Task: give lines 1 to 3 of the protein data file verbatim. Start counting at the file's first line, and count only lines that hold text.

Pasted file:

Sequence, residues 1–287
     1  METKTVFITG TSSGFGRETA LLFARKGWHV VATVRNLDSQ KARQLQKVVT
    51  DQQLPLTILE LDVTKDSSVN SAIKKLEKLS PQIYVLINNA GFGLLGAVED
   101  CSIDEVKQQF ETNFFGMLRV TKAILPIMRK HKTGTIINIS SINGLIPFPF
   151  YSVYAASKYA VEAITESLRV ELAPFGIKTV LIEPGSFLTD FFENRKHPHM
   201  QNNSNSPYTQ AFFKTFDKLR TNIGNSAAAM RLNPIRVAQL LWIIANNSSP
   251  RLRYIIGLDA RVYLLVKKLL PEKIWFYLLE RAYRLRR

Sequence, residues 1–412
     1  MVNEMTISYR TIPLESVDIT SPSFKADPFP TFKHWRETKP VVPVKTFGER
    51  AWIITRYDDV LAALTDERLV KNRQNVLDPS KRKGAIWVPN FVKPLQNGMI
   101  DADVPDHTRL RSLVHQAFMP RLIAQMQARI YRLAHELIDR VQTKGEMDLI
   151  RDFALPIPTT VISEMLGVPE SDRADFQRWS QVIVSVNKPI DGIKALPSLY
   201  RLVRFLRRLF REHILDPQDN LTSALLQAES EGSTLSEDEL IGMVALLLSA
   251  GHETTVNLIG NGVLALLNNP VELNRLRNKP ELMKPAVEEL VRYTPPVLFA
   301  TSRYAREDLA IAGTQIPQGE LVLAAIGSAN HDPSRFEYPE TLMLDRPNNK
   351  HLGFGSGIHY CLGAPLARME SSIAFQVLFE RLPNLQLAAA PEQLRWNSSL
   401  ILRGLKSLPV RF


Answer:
Sequence, residues 1–287
     1  METKTVFITG TSSGFGRETA LLFARKGWHV VATVRNLDSQ KARQLQKVVT
    51  DQQLPLTILE LDVTKDSSVN SAIKKLEKLS PQIYVLINNA GFGLLGAVED